Gomm Valley

Are we really in a new world?

The bulk of objections centre around half a dozen themes: 

  • Fears over increased traffic and the impact extra vehicle movements will have on Tylers Green, Penn and the A40
  • Concerns the extra population will have on existing facilities such as schools and  doctors’ surgeries
  • Belief that the environment and wildlife in the valley will suffer irreparable damage (BBOWT, the local wildlife trust, says it is not possible to adequately mitigate the impact on existing protected nature sites with such a large development)
  • Affects on health from increased air pollution 
  • Danger of flooding particularly bearing in mind the concerns of Thames Water and the flooding authority (see last week’s blog)
  • The virtual merging of Tylers Green into Wycombe’s built up area and loss of  the village’s separate identity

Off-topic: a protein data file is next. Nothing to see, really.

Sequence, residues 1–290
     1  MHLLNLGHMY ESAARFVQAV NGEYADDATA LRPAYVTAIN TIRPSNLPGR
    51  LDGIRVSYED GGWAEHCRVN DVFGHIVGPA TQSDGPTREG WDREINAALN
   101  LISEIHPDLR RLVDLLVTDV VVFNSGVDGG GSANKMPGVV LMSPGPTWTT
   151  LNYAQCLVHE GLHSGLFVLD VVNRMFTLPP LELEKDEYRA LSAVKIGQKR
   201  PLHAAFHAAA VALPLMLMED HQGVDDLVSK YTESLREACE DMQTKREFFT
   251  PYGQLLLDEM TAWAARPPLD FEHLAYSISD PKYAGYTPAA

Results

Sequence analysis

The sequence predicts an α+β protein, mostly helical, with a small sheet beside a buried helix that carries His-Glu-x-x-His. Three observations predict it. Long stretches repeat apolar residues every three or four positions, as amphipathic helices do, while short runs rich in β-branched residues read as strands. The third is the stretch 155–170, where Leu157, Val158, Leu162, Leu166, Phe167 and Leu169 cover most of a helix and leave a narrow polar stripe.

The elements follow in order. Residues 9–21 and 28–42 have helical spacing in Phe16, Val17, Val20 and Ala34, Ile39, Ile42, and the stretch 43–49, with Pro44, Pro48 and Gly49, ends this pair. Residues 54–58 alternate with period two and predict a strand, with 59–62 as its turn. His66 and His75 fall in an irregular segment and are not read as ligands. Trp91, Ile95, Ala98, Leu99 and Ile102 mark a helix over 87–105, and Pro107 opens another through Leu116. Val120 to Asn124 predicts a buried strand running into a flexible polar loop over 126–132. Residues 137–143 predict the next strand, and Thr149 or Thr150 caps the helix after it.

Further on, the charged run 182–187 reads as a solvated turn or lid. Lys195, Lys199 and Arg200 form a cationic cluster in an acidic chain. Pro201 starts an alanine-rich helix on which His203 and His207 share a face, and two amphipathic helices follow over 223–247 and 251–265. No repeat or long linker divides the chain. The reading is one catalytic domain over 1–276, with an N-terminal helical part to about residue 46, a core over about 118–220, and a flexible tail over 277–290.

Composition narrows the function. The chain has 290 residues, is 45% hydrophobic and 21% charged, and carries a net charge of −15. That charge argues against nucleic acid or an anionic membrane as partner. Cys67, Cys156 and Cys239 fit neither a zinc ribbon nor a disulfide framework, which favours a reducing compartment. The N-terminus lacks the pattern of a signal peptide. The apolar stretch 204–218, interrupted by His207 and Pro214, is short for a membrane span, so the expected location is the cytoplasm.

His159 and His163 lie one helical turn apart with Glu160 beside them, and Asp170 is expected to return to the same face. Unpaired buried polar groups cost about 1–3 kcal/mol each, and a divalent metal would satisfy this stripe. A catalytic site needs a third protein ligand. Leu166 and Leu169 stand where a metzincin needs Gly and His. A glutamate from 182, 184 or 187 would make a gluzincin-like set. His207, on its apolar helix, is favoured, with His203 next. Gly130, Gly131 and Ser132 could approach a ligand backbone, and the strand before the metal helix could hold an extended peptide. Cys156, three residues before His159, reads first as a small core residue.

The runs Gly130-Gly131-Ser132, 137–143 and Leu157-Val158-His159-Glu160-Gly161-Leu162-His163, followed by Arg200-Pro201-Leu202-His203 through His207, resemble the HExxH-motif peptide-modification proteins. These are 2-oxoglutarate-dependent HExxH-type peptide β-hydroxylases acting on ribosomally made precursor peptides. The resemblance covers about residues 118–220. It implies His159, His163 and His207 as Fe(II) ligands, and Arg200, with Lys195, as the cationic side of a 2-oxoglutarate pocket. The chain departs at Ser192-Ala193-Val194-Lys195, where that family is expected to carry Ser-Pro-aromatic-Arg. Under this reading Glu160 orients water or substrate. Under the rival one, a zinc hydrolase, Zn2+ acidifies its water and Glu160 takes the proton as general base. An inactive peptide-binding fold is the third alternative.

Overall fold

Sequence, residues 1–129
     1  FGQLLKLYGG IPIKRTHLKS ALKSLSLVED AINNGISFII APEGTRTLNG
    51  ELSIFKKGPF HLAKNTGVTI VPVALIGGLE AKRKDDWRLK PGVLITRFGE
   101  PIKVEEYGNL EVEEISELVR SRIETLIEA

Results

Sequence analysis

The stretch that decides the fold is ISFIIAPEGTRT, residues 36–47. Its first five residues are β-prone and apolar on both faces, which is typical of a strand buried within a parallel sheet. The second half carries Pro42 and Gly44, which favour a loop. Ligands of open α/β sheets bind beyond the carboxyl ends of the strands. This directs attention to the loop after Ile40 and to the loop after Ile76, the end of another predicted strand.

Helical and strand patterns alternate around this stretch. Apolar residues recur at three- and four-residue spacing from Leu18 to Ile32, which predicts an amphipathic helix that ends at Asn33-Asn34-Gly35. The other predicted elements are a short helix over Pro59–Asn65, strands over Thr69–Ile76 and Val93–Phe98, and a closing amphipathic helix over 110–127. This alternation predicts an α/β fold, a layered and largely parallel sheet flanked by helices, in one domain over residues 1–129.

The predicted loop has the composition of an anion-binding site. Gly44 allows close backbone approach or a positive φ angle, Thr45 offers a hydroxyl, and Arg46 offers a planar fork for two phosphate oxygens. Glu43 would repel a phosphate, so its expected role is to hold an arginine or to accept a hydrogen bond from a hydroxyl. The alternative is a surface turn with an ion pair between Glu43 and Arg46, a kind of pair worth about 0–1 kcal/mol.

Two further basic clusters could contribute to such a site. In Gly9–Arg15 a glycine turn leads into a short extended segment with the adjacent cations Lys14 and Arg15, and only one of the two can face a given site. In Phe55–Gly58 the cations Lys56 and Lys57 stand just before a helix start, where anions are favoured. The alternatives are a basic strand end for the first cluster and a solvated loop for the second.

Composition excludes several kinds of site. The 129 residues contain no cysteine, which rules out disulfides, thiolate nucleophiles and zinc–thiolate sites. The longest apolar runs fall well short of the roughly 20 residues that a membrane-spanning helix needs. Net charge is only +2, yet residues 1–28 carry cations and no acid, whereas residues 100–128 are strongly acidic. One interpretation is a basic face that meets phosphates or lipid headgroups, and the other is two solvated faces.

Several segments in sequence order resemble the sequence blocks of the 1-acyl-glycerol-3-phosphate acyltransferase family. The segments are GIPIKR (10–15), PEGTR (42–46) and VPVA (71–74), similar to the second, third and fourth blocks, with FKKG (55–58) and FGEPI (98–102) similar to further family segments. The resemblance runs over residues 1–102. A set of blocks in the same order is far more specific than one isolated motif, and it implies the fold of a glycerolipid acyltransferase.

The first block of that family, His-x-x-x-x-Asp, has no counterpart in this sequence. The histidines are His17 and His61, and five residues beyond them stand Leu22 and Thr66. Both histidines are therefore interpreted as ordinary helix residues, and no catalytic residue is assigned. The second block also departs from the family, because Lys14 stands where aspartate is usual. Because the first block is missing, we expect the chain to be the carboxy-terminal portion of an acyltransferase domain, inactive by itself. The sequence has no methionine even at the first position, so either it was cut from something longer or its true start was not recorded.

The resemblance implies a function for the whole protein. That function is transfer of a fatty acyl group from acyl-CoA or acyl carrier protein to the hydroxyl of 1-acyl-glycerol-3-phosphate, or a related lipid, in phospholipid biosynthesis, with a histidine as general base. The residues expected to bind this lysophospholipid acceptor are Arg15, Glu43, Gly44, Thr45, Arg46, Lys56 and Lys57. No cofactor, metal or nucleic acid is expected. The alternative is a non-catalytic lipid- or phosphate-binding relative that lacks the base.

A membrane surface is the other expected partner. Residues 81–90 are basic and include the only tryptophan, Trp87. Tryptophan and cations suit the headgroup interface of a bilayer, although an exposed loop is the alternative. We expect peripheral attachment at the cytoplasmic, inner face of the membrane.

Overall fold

All these arguments were raised against the first outline planning application last year and objectors feel nothing has changed this time around.

However, a number of objectors are raising a new issue this time: has Covid 19 fundamentally changed the way we should look at housing developments in the future?

Many of the new objectors are people who have spent much of the last three months walking in the valley, realising its outstanding beauty, and feeling that development will ruin it. They argue open spaces should be left for future generations to enjoy.

Others point out that many businesses are unlikely to reopen or return to our town centres and the space they leave should be utilised for housing.

Others say the development’s reliance on public transport is outdated. Fewer people, they argue, will use public transport in the future and instead use electric vehicles.

Some say the time is now right for the council to pause and have a rethink about future housing development in a post-covid world. The pandemic, they say, has been a real game-changer.